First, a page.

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Weekly Research and Commentary on the Future of Business and Technology.

The Pre-Mortem.

Jun 4, 2024

Regular readers know we typically encourage nuanced futures-thinking in this space. Just a few weeks ago, we were calling for an embrace of the messy middle, a prolonged exploration of the rich, syntopian gray area that requires us to actively resist the (totally understandable) inclination toward catastrophizing, constructing false-but-reassuring binaries, and generally thinking in extremes.

Today, we’ll have none of that. We’re going to really let the lizard brain run. But we’re going to intentionally leverage the deeply human capacity for envisioning worst-case scenarios as a means of improving strategy and increasing resilience via an approach known as the pre-mortem.

The pre-mortem isn’t new, and there are many frameworks (most commonly deployed in project management) for productively asking ourselves “What could go wrong?” and working with the answers. Here, I’m encouraging you to widen the aperture a bit and give yourself permission to consider the demise not only of a discrete project but of the organization itself—at least as you’ve known it. And just as it might be for individuals, a brush with death (even hypothetical death) can be a bracing and perspective-shifting thing for the organization as well.

To conduct the pre-mortem as a workshop, I recommend convening a fairly small group (e.g., 20 – 25) for a solid and structured block of time (45 – 60 min). Be sure to set the scope appropriately: While we can pretty easily discuss the “total” failure/death of a discrete, time-bounded project, it’s often more effective to frame the organizational failure/death somewhat more specifically.

E.g., “In 3 years, we’ve gone from being the market leader to being a secondary or tertiary player…” or  “In 5 years, we’ll look back on our AI transformation journey as a failure…”

It’s also often helpful to have already done some trend work so that assumptions about the broader environment of the future in question are clear—and shared. These will also likely come into play as we explore potential causes for the organization’s future failure.

After framing the failure, provide a few minutes for participants to quietly jot down all of the causes or reasons that could likely account for that failure—one per index card.

Then, ask them to review each cause and rate it on dimensions of Criticality (How central would this cause/reason be to the ultimate failure? from 1 = Not Important to 5 = Essential) and Probability (How likely is this cause/reason to be part of the picture of failure? from 0% = Impossible to 100% = Inevitable). Allocate 10 min for this altogether. At the end of this ideation and analysis round, each participant should have a set of index cards with potential causes of failure, and each cause should have a Criticality-score and a Probability-estimate. Time for a discussion.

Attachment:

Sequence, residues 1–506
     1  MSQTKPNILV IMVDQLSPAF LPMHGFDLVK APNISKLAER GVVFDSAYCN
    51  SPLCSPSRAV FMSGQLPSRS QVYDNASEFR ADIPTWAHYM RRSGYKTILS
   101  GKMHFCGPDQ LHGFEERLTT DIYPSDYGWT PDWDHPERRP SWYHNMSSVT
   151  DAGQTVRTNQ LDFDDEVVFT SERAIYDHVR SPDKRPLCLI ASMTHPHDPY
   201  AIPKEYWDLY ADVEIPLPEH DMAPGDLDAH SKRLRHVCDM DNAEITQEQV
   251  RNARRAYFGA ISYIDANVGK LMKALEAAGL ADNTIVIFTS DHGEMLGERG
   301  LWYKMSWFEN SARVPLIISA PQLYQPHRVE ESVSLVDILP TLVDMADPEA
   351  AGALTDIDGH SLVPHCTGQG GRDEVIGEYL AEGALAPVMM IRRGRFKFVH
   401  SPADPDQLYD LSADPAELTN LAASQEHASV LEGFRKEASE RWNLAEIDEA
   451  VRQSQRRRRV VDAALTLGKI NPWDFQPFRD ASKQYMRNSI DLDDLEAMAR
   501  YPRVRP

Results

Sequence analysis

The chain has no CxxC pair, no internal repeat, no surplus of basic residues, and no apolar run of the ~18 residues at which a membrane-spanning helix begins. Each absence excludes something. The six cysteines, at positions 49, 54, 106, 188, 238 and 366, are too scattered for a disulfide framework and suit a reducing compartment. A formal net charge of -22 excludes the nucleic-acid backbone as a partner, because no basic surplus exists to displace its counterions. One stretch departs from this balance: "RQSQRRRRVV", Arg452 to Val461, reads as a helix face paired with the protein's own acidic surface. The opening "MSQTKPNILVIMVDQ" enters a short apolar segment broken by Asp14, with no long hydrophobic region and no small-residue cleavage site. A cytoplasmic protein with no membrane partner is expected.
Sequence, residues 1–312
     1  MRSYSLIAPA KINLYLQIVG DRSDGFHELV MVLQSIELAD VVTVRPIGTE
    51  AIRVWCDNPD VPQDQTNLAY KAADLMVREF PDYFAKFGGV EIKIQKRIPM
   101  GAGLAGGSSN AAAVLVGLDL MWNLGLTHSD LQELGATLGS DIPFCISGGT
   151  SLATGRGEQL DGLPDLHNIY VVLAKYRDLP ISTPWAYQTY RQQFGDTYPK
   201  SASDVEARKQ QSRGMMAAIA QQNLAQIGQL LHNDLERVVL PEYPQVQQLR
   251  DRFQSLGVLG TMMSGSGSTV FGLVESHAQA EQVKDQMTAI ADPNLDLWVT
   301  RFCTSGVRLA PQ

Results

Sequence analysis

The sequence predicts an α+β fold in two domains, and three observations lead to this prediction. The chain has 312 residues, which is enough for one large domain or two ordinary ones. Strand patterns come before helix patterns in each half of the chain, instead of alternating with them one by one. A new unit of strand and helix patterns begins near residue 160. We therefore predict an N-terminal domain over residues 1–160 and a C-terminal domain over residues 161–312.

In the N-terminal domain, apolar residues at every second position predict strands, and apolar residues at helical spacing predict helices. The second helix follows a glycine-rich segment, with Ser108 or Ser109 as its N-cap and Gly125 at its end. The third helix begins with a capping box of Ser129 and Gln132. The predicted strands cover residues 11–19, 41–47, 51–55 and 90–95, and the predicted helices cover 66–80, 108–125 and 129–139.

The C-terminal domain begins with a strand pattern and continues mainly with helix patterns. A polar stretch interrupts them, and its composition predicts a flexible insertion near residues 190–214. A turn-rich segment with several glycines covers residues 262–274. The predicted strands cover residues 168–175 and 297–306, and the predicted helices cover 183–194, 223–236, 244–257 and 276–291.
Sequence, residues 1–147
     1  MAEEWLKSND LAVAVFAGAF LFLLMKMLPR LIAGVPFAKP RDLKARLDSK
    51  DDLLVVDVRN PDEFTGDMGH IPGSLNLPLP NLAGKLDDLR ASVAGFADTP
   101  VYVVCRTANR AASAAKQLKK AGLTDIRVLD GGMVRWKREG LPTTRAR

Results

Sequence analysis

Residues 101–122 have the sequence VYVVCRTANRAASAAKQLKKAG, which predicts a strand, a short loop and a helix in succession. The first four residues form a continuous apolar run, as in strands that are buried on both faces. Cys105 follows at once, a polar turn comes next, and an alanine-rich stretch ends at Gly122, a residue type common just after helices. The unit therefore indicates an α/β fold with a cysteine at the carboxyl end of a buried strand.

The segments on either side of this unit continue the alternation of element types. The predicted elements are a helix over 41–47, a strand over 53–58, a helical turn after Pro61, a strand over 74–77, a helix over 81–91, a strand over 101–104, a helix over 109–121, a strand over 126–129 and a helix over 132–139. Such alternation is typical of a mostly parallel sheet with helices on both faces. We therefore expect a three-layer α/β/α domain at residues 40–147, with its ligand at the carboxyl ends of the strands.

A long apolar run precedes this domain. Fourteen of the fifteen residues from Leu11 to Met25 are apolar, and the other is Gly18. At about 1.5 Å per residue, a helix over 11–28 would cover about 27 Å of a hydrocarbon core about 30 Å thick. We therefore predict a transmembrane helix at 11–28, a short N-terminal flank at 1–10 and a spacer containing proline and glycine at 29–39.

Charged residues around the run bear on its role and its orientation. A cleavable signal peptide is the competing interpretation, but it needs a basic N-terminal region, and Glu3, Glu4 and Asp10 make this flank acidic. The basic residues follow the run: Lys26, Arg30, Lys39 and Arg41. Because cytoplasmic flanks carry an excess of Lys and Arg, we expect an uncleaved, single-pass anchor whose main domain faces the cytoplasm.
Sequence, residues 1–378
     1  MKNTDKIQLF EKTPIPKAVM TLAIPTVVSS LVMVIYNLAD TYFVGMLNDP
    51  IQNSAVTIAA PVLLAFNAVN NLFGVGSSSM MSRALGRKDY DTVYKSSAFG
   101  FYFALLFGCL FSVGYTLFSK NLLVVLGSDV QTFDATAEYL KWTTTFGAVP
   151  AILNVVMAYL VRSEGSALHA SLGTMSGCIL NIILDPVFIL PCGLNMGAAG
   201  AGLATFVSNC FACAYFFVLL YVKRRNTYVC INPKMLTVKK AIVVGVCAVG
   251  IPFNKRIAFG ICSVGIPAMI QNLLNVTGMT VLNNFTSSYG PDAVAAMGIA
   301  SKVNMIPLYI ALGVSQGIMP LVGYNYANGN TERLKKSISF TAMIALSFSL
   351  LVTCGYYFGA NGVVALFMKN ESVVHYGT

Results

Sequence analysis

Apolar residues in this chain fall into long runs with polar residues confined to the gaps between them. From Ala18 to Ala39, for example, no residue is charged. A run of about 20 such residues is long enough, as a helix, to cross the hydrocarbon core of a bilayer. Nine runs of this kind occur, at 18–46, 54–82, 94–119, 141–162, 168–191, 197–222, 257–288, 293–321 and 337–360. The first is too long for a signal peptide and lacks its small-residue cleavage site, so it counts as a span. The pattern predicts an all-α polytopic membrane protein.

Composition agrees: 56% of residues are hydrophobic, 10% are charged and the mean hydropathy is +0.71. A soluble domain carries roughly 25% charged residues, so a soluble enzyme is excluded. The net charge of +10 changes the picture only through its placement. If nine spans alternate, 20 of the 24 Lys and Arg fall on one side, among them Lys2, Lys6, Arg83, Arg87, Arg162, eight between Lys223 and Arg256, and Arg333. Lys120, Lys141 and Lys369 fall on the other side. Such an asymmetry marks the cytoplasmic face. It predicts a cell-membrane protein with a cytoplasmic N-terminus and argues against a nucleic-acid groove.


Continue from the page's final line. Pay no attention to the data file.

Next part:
Ask the participants to share any causes/reasons that have a C-score of 4 or 5 and a P-estimate of at least 50%. Collect and cluster these on a whiteboard or similar in front of the room. You might also divide them between INTERNAL causes and EXTERNAL. Take note—especially—of causes/reasons that pop up repeatedly in the room and are highly rated by multiple participants.

Now, you’re ready to lead a focused discussion (20 – 30 min) going cause by cause. You can take this in any number of directions, but there are some questions we’ve found particularly useful as you consider each of the highly-assessed causes of future failure for the org:

  • If a reason/cause is EXTERNAL, is there anything you can do to mitigate risk, reduce exposure, or increase resilience against this thing?
  • If a reason/cause is INTERNAL, is it something already in evidence? Is it already happening / being done / not being done within the org?
  • If the reason is something already happening in the org: Why? What might be done to stop or mitigate it? And why wouldn’t we do that?
  • If not yet happening, what leading indicators should we be watching? Are we tracking these things? How might we become more aware and responsive?⠀

At this point, you’ll already be generating and capturing a list of potentially viable next steps and valuable items for further exploration. But to prioritize the outputs, I also recommend asking the group to collectively identify (possibly with anonymized voting) the top three to five causes or reasons for failure must be meaningfully addressed. Capture these for a post-session report and follow-on discussion.

After running the pre-mortem, there will still be some very important questions of ownership and implementation to answer, but you should at least find that the brush with death has imparted a new sense perspective, clarity, and perhaps urgency as well. Now is the time to take concrete steps to make that catastrophic vision of the future less likely to become your organization’s reality.

To repurpose the cliche: This is the first day of the rest of your (organization’s) life. Live well.